What was the most challenging part of this whole process for you?

The memories were fairly immediate and came back pretty easily, but I think structuring a memoir is enormously difficult. Real life does not have a structure. In a novel, you can impose one more readily than a memoir. This book actually began as a series of vignettes, almost like small prose poems, so it began in sections. I wanted this book to be a small and kind of jewel-like book, and it doesn't tell you everything. With time I was able to massage the vignettes into more conventional chapters.

Is it strange seeing your life on the page?

Not particularly, actually. On the whole, I think it's a fairly emotionally restrained book. I want it to be an affectionate portrait of the characters in this world, and I hope the people who are in it feel the same.

What kind of feedback have you gotten from people?

Some people are disappointed they're not in it! But there were so many characters that drifted in and out in our lives, so it's hard choosing a collection. People have been so excited about it, though. It's such a local book, and I think there's been a good deal of nostalgic recognition. I hope it strikes a chord with people.

So I hear you're not a foodie?

It really surprises people. People always think I'm going to be a wonderful, deft cook, and will often tell me that they were intimidated to invite me to dinner. I'm so grateful to be invited to dinner! I have kind of a guilt-free stance on this subject. I live in a great Mediterranean neighborhood in Queens that has fantastic and plentiful cheap food everywhere, I'm really very lucky. So I largely eat out, but I have the highest respect for people who can cook. I think it's a wonderful thing that enhances people's lives, professionally or at home. I'm not a food writer, but I think that people who like food writing will like this book because it is full of food and luscious descriptions of food. But for me, describing the food is the same as describing party dresses. It's about a beautiful, lacquered kind of world.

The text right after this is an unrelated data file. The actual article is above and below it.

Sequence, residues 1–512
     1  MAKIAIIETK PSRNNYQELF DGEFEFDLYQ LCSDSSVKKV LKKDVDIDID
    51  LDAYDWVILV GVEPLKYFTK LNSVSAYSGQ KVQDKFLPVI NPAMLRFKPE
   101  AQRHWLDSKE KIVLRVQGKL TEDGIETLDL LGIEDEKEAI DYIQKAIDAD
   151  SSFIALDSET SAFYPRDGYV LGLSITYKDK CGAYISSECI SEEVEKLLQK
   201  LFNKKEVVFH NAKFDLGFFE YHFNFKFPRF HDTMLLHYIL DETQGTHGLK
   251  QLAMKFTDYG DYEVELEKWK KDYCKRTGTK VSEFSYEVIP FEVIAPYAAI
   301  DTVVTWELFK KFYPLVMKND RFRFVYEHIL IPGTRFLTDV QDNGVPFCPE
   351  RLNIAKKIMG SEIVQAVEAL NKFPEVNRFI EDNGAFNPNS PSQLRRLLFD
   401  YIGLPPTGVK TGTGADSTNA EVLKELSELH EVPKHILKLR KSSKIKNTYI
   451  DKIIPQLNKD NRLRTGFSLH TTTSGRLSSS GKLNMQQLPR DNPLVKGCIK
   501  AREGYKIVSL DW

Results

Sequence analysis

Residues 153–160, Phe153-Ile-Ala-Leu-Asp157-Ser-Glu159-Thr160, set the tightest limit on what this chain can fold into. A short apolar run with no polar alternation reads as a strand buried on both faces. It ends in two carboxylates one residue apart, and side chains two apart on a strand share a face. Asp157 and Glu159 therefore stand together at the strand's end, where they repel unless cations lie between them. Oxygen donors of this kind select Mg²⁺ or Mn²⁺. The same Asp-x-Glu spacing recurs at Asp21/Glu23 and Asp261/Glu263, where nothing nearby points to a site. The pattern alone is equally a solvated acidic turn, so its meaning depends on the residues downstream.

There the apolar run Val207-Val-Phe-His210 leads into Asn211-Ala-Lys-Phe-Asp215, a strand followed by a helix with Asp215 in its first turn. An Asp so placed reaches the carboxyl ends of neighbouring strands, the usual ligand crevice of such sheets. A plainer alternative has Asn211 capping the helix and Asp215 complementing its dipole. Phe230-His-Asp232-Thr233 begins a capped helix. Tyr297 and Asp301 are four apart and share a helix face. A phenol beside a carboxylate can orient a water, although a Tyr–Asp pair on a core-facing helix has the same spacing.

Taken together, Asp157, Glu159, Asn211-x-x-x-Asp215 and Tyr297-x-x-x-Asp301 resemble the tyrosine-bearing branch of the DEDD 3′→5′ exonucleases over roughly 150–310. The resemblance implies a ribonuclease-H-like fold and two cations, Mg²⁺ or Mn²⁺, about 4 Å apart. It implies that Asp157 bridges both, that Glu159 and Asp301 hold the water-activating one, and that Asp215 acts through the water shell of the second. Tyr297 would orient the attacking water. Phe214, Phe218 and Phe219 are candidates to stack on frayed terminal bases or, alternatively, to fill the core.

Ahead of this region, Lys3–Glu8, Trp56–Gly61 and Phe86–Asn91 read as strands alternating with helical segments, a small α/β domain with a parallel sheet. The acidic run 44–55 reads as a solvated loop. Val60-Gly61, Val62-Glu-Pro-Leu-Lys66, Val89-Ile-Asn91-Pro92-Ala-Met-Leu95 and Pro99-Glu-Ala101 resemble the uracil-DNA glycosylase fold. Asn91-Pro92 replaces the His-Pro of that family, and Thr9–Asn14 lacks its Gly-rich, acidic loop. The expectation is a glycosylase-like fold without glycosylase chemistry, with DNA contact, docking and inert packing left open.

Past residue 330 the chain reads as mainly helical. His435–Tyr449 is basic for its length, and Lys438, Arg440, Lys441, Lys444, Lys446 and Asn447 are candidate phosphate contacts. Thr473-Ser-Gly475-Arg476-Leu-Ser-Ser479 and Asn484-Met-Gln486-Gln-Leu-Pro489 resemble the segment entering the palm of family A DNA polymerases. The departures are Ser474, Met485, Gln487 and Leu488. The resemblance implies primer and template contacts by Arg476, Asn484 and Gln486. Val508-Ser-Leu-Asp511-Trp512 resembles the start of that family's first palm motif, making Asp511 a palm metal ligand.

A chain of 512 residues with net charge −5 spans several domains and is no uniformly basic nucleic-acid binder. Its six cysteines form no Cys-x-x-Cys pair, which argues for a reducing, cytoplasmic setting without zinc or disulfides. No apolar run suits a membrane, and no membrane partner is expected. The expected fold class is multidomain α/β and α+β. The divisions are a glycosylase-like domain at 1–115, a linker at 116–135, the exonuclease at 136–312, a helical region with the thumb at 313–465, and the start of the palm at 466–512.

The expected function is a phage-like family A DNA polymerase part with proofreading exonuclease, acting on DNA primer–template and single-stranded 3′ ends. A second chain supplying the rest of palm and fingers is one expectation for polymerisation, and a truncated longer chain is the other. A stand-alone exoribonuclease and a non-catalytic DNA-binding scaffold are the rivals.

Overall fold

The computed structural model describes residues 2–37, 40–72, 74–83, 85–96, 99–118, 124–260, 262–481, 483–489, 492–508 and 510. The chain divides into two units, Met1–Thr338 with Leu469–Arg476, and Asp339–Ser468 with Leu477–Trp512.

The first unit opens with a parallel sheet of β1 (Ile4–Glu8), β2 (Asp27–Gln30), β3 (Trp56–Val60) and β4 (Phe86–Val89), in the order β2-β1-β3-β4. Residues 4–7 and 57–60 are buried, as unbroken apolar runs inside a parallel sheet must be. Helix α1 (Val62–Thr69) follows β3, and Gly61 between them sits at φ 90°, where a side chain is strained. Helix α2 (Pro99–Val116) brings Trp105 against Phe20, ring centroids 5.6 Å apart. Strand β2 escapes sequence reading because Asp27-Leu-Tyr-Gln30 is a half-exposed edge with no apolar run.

How would you describe your style as an adult, with all this background in mind?

I do wear dresses almost exclusively, and that is probably connected to my childhood at the Pudding in which I wore party dresses in the dining room. I like getting dressed up, I like the festivity of getting dressed up. I like cinch belts, I like heels, I like cardigans, sundresses...my mother is very glamorous, so I enjoy that.

Do you think you still have a sense of that childlike romanticism in your life now?

I think one tries to maintain a sense of pleasure and whimsy and openness and surprise in one's life. I do believe that a certain intensity is lost with the loss of childhood, and depth of feeling and depth of observation. I almost think that this book is unusual because it is a romantic portrayal of childhood. It's less colloquial than most memoirs, and that was definitely a stylistic choice, because it's a world of velvets and pink linen and pewter chandeliers. It's all part of the texture.

Would you ever trade it for a more conventional childhood?

Absolutely not! Never.

Charlotte Silver reads from Charlotte au Chocolat: Memories of a Restaurant Girlhood at The Harvard Book Store on Tuesday, February 28, 7pm. For more information, visit harvard.com/events